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What the Bible says about Conceit
(From Forerunner Commentary)

Proverbs 21:4

Some Bibles' margins may read that "plowing" can also be rendered "lamp" or "light." A light gives guidance. This verse says that, as plowing prepares the way for the earth's production, so pride prepares the way for producing other sins. Another way of looking at it is that pride is the guide that leads the way to other sins.

The "haughty look" indicates a comparison. It occurs on a person's face when he is looking down on another, showing an attitude of superiority. It illustrates comparison because perverse comparison is at the heart of this sin, pride. A person with this problem is greatly hindered from knowing God because he does not make the right comparison between God and himself.

We must perceive God as so high above us He is beyond comparison. God Himself says, "To who then will you liken Me, or to whom shall I be equal?" (Isaiah 40:25). He challenges us to make a comparison, and we can come up with nothing adequate.

He is so holy, so righteous, so pure, so intelligent, so great, so awesome, so powerful—so much of everything—that man is in far over his head when he tries to compare anything or anyone to God. Humans are only made in His image. Who knows which is greater: the difference between us and our reflection in a mirror or the difference between God and us? We know that our reflected image is not us and does not even begin to compare with what we are.

Men and women are only in the image of God. But the proud exalt themselves against God, which hinders their relationships with God. A man's perspective of God ultimately determines his perspective of men, including himself.

The dictionary defines pride as "an undue sense of one's own superiority, importance, or worth." It is "inordinate self-esteem," a word in vogue in pop psychology today. They say everybody needs self-esteem. Well, pride is an inordinate self-esteem, and its synonyms are conceit, vanity, and vainglory. Its antonyms are humility and modesty.

Consider these comparisons between words: Pride manifests itself in disdain, haughtiness, and arrogance toward others. Self-esteem gives more deference to one's opinions than others grant. Conceit is an exaggerated opinion of one's ability or worth. Vanity is an excessive desire for admiration and praise, and vainglory is undue boasting about one's accomplishments. But pride encompasses all of them.

John W. Ritenbaugh
Faith (Part Six)

Proverbs 23:19-21

A lack of self-control is commonly shown in lust, greed, gluttony, alcoholism, conceit, sexual sins, gossiping, violent quarreling, and false and reckless speech, and many other sins that Satan can tempt us to commit if we allow him.

Martin G. Collins
Self-Control

Revelation 3:17

How close this is in principle to what the Pharisee says in the Parable of the Pharisee and the Publican (Luke 18:9-14)! Oblivious to his spiritual poverty, the Pharisee chooses to compare himself to humans he can see rather than the holy God to whom he supposedly prays in faith. Notice also his conceit in listing his wonderful works of tithing and fasting!

Though the Laodicean is indifferent, lackadaisical, and inconsistent in his devotion to God, his ignorance of his spiritual condition reveals a fundamental flaw that undergirds his lukewarm condition and paralyzes his spiritual life. The Laodicean says he is rich, but Christ's revelation shatters that delusion. He completely misreads his spiritual condition! He thinks he is already complete, thus he is indifferent to growing and changing. So great is his conceit that it blinds him into saying he needs nothing!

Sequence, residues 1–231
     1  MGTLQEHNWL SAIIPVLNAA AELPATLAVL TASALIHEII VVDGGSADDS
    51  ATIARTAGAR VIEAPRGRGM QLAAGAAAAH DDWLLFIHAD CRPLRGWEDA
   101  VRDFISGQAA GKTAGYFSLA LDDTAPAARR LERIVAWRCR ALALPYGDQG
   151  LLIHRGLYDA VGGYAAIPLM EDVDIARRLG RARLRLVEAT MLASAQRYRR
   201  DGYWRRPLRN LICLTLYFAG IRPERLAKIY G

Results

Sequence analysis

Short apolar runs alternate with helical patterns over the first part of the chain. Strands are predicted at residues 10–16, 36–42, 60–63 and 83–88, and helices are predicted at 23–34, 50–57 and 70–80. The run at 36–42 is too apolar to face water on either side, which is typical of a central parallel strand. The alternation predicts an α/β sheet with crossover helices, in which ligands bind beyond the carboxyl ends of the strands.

This self-deception results in inconsistency in prayer and Bible Study and nonchalance in overcoming. Why do those exercises when he has no need? His relationship to Jesus Christ is distant and insipid. Would we want to be married to a person who could take us or leave us depending upon his momentary mood? No wonder Christ reacts so severely! The Laodicean's self-perceived "wealth" is a barrier to any meaningful relationship with Him (Proverbs 18:11).

A Laodicean is poor—really and truly poor—yet all the while thinking himself to be rich. He is unwilling to jettison anything, let alone everything in a whole-hearted search for God. Undoubtedly, he has knowledge about God and thinks this is the true religion, but it is plain that he does not know God. If he did, he would not be so blind to his poverty because he could compare himself to God's holiness, and his shortcomings would be exposed. He is intelligent, but he mistakes his intelligence for true wisdom. Christ may even have given him gifts for ministering to the church in some way, but he mistakenly judges them as grace toward salvation. He is blind yet has the light of God's truth in him—remember, this is written to converted people—but the light is turning to darkness. How great that darkness must be!

To be wretched describes life when everything one owns has been destroyed or plundered by war. Here it describes the Laodicean's spiritual destitution and pitiableness before God. He is being devastated in the spiritual war against Satan, even though to all outward appearances he may look well-clothed, well-fed, and vigorous in carrying out his daily, secular responsibilities.

How careful Christians must be in this time when the world and Satan are pressing their distractions upon us as never before! We cannot allow ourselves to be deluded into negligently or carelessly cheating ourselves out of so great salvation (Hebrews 2:1-3).

John W. Ritenbaugh
The Beatitudes, Part Two: Poor in Spirit


Find more Bible verses about Conceit:
Conceit {Nave's}
 




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